• Electrons in solar cells can be lost through a process called 'recombination,' where electrons lose their energy -- or 'excitation' state -- and fall back into an empty state known as the 'hole. (
  • After pinning down how electrons normally function within an organic solar cell, effectively keeping conversion efficiency rates low, the team figured out that electron spin can be altered to improve these rates. (
  • This discovery is very exciting, as we can now harness spin physics to improve solar cells, something we had previously not thought possible," says Dr. Akshay Rao, a Research Fellow at the Cavendish Laboratory and Corpus Christi College, Cambridge and one of the lead authors of the study. (
  • We should see new materials and solar cells that make use of this very soon. (
  • Hanwha Q Cells is supplying modules for Marubeni to construct a large scale solar power plant located in southern Japan. (
  • Under the agreement, Hanwha Q Cell will deliver 82 MW of modules to a solar plant project. (
  • Upon completion, data on plant operation, maintenance as well as other aspects will be collected for the risk evaluation on future mega-solar projects. (
  • The non-mutant plant (WT, wild type) kept some intact leaf tissue. (
  • To produce a hide, the Modern Meadow platform uses the best naturally performing cells of a cow, then proceeds to "tweak the performance of cells so they grow faster," and then focuses on tissue architecture. (
  • If you wanted to help a plant become more drought tolerant, for example, how do you build more vascular tissue which is important for that function? (
  • Plant Cell Tissue Organ Cult. (
  • Plant Cell, Tissue and Organ Culture. (
  • Tissue culture of ornamental pot plant: A critical review on present scenario and future prospects. (
  • In Cell and Tissue Culture in Forestry. (
  • That is why we conducted two studies at the Max Delbrück Center together with the Charité in Berlin: On the one hand, we examined cell cultures from male volunteers who had increased their salt intake over a period of two weeks. (
  • Plasmodesmata typically form during cell division when parts of the endoplasmic reticulum of the parent cell get trapped in the new cell wall that is produced to create daughter cells. (
  • Prokaryotes-organisms composed of a prokaryotic cell-are always single-celled (unicellular). (
  • She is currently completing her PhD thesis at the Centro de Biología Molecular Severo Ochoa in Spain, with focus on the DNA replication of plants. (
  • Therefore, we at the Integrated Plant Protection Unit aim to generate knowledge towards the development of sustainable pest and disease management solutions based on conceptual theory and empirical eco-evolutionary, molecular and genetic data that can meet the needs of current and evolving plant production systems. (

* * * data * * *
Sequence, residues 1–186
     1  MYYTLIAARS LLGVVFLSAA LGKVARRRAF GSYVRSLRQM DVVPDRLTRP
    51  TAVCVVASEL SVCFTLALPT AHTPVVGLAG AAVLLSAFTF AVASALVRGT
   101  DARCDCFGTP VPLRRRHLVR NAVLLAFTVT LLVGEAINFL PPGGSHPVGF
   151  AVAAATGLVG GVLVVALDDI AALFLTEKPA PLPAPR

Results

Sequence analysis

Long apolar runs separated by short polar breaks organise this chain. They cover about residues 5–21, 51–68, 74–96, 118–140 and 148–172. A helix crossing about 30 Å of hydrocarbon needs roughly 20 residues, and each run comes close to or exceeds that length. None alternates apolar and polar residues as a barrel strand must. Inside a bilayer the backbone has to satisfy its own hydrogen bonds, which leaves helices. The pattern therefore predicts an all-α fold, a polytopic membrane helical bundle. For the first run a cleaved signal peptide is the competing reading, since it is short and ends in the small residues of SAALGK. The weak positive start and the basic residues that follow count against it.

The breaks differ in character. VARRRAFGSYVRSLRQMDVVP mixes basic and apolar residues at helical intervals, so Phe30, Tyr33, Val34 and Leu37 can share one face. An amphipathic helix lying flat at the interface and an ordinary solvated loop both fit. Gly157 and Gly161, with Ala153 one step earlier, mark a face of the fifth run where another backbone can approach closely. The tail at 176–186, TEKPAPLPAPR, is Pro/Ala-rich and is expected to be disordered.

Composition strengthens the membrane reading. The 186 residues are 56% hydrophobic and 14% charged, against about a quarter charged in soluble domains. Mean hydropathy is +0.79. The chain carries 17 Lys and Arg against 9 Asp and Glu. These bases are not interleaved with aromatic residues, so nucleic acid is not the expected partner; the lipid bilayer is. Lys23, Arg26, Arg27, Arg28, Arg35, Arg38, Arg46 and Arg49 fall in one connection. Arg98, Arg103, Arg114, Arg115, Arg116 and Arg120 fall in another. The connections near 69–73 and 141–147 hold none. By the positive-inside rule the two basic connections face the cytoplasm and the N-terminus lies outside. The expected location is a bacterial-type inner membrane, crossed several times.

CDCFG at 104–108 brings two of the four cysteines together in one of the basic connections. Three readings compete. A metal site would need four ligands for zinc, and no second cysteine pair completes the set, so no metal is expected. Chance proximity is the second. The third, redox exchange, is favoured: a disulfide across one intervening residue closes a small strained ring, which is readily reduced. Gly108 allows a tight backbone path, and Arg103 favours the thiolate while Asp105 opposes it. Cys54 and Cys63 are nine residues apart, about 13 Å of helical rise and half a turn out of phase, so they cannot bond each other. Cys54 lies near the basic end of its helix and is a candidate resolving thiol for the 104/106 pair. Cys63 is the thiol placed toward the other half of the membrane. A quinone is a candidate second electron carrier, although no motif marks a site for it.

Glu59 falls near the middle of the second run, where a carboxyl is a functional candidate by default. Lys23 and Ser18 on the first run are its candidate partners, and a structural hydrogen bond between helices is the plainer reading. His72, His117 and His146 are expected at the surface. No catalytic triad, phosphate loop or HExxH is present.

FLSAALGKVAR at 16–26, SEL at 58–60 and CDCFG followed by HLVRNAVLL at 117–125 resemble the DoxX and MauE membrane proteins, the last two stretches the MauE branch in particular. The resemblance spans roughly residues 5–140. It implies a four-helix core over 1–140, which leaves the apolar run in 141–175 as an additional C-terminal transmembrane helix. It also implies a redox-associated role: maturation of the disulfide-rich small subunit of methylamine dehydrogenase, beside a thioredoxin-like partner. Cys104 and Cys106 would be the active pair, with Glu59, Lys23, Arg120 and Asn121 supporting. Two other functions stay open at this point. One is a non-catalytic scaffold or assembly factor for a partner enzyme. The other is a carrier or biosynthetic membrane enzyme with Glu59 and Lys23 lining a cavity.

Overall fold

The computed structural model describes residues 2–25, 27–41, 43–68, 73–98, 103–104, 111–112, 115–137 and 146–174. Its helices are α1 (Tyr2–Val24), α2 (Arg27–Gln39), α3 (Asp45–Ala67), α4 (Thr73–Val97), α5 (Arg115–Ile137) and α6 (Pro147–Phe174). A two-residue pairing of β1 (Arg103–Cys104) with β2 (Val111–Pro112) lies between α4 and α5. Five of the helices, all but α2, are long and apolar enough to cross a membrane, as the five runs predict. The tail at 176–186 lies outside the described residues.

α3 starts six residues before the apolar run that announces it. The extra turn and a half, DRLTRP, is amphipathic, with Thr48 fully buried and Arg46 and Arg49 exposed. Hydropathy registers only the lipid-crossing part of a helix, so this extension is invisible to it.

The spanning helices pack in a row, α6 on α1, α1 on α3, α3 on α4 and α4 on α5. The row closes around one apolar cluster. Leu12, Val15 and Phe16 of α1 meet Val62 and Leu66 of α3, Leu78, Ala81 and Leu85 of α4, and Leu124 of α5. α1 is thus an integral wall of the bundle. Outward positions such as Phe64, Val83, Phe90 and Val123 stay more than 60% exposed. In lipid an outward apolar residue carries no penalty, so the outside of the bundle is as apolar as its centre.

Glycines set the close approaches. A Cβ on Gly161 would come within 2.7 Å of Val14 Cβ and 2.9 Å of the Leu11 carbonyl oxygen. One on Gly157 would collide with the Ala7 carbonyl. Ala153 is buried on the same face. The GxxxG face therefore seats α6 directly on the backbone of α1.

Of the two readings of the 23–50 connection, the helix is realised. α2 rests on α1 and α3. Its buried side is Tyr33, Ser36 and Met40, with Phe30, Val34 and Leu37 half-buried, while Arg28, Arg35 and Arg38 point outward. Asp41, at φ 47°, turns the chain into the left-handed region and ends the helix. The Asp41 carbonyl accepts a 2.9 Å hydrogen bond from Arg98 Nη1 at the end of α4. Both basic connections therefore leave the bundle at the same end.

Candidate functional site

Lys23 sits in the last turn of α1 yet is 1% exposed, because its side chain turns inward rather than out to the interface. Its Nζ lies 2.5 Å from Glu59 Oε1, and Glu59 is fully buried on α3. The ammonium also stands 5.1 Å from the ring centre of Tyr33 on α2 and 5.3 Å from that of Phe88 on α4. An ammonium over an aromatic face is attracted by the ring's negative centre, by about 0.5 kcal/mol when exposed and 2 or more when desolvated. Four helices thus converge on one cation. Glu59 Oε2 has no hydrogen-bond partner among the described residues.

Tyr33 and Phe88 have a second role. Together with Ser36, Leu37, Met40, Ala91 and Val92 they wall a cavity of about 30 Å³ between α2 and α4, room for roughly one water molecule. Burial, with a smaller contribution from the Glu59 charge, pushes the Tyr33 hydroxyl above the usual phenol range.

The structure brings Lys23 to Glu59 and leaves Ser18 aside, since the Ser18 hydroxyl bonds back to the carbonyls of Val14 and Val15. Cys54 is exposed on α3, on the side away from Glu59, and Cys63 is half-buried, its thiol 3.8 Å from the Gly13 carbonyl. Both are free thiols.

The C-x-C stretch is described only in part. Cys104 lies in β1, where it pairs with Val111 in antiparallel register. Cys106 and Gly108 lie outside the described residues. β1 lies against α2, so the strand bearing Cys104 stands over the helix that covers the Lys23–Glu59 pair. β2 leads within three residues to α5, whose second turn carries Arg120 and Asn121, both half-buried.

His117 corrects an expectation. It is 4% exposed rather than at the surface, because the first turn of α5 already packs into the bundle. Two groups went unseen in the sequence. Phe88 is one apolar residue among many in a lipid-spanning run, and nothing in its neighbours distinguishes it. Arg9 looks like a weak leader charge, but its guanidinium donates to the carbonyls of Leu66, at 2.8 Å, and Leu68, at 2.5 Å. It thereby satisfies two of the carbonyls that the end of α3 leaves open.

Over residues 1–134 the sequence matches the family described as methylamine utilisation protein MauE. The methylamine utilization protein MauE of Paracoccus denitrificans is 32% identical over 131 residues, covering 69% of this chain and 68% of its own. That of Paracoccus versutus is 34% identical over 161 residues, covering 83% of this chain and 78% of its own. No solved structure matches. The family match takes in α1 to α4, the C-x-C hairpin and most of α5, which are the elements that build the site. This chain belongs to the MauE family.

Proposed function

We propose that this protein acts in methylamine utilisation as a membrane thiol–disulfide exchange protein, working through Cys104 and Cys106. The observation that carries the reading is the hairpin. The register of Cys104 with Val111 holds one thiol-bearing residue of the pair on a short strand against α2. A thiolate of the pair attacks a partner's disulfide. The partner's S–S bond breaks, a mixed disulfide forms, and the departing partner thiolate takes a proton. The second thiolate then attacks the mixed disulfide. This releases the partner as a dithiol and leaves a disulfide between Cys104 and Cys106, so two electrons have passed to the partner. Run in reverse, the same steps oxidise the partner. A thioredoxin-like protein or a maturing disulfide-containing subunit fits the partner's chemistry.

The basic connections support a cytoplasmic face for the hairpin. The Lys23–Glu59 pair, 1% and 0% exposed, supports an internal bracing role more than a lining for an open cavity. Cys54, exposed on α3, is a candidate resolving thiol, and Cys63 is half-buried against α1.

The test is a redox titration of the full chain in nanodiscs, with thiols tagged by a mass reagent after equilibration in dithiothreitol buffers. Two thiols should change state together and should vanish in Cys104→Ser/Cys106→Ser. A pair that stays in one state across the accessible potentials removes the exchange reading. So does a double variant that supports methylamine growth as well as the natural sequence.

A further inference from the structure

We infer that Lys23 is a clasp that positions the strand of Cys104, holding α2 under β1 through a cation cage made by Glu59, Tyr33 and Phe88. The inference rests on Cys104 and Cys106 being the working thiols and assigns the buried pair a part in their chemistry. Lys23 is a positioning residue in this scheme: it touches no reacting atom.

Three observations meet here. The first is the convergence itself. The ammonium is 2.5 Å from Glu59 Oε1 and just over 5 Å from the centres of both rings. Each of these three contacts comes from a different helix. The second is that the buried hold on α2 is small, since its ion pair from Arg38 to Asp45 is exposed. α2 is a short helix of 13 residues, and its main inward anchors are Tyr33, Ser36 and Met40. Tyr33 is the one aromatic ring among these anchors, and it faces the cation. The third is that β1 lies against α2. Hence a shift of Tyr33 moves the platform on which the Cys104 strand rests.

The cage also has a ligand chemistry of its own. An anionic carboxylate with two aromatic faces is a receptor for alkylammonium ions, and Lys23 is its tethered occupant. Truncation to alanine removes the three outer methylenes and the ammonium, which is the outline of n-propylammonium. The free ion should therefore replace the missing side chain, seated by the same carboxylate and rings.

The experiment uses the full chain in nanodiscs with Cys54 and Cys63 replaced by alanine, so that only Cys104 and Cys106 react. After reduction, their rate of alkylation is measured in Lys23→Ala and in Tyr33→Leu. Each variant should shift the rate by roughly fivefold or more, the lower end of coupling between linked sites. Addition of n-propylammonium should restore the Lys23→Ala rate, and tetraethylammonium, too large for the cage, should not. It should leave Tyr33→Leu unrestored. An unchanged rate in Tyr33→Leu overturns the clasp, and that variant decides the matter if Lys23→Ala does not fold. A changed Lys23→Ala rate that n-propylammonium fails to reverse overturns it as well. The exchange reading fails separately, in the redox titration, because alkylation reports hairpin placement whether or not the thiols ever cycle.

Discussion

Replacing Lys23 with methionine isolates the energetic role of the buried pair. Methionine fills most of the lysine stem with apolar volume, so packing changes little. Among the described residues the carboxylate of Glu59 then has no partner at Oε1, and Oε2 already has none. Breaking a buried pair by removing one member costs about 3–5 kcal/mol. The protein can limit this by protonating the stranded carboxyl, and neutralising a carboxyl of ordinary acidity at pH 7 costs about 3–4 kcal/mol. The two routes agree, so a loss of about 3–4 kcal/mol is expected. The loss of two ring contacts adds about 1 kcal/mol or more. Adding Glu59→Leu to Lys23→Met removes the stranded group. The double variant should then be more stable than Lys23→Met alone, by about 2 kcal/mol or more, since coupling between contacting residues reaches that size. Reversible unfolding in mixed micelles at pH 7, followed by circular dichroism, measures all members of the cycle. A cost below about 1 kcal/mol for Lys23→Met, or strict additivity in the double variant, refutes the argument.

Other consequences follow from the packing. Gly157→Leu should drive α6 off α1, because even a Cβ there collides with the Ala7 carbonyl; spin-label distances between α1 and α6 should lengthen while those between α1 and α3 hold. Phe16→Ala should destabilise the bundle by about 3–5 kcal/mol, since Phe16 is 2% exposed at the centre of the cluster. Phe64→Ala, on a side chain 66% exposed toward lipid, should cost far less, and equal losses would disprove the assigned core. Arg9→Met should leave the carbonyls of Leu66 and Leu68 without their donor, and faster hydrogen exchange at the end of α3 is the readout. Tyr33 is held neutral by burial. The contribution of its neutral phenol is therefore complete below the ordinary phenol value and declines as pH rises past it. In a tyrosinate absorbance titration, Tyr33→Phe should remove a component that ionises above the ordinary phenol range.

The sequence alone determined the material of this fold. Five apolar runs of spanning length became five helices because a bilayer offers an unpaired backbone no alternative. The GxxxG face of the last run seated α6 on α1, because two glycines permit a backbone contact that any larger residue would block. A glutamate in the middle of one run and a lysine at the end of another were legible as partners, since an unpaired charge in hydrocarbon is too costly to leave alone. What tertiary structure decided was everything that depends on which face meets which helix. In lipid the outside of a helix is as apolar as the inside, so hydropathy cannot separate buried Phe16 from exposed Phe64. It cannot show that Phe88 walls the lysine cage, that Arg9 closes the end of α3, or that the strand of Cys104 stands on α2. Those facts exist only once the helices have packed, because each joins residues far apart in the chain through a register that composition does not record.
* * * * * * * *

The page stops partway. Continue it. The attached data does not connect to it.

• Cells are the microscopic units that make up humans and every other living organism. (
  • When the vacuole is full of water, the cells are rigid and firm. (
  • The cngc19-2 mutant plant was heavily eaten with only leaf stems remaining. (
  • Calcium wave initiated by cutting the leaf of a fully functional (wild-type) Arabidopsis plant. (
  • The cell on the left is from a healthy, firm leaf or stem. (
  • The cell on the right is from a soft, drooping stem or leaf. (
  • Factors controlling high efficiency adventitious bud formation and plant regeneration from in vitro leaf explants of roses (Rosa hybrida L.). Sci. (
  • It has been shown that the circadian rhythmic potassium flux from/into motor cells triggers cell shrinking/swelling to cause nyctinastic leaf-folding/opening movement in S. saman . (
  • Additionally, SPORK2 was identified as an outward-rectifying potassium channel that causes leaf-movement in the same plant. (
  • Here, we report that JAG induces leaf-folding through accumulation of reactive oxygen species in the extensor motor cells of S. saman , and this occurs independently of plant hormone signaling. (
  • Circadian rhythmic leaf-folding, called nyctinasty, is a widely observed physiological behavior of leguminous plants 1 , 2 , wherein the plants open their leaves in the morning and fold them in the evening. (
  • Unequal volume changes in the motor cells in the adaxial/abaxial side of the pulvinus cause the leaf movement. (
  • Scales feed on plants by piercing the leaf, stem, or branch with their mouthparts and sucking sap. (
  • The present work was aimed at studying the genotoxic effects (chromosomal aberrations and mitotic index changes) of benzene on somatic (bone marrow) cells of 10-15 week old albino rats (Rattus rattus). (
  • [ 5 ] In the presence of oxygen, activated molecules form photoaddition products with DNA pyrimidine bases via DNA interstrand crosslinking at cytosine and thymidine with the furan ring of the psoralen and result in epidermal cell nucleic acid damage (type I reaction). (
  • Characteristics of prokaryotic cells. (
  • It also means that you-for some definition of the word you-actually consist of both of the major types of cells: prokaryotic and eukaryotic. (
  • There are some key ingredients that a cell needs in order to be a cell, regardless of whether it is prokaryotic or eukaryotic. (
  • Image of a typical prokaryotic cell, with different portions of the cell labeled. (
  • Typical prokaryotic cells range from 0.1 to 5.0 micrometers (μm) in diameter and are significantly smaller than eukaryotic cells, which usually have diameters ranging from 10 to 100 μm. (
  • 4. There are two main types of cells: prokaryotic cells and eukaryotic cells. (
  • IMSEAR at SEARO: The traditional plant, Andrographis paniculata (Sambiloto), exhibits insulin-releasing actions in vitro. (
  • Paola Libertad García Medel explores the DNA replication of plants - which is a fairly new field in biochemistry. (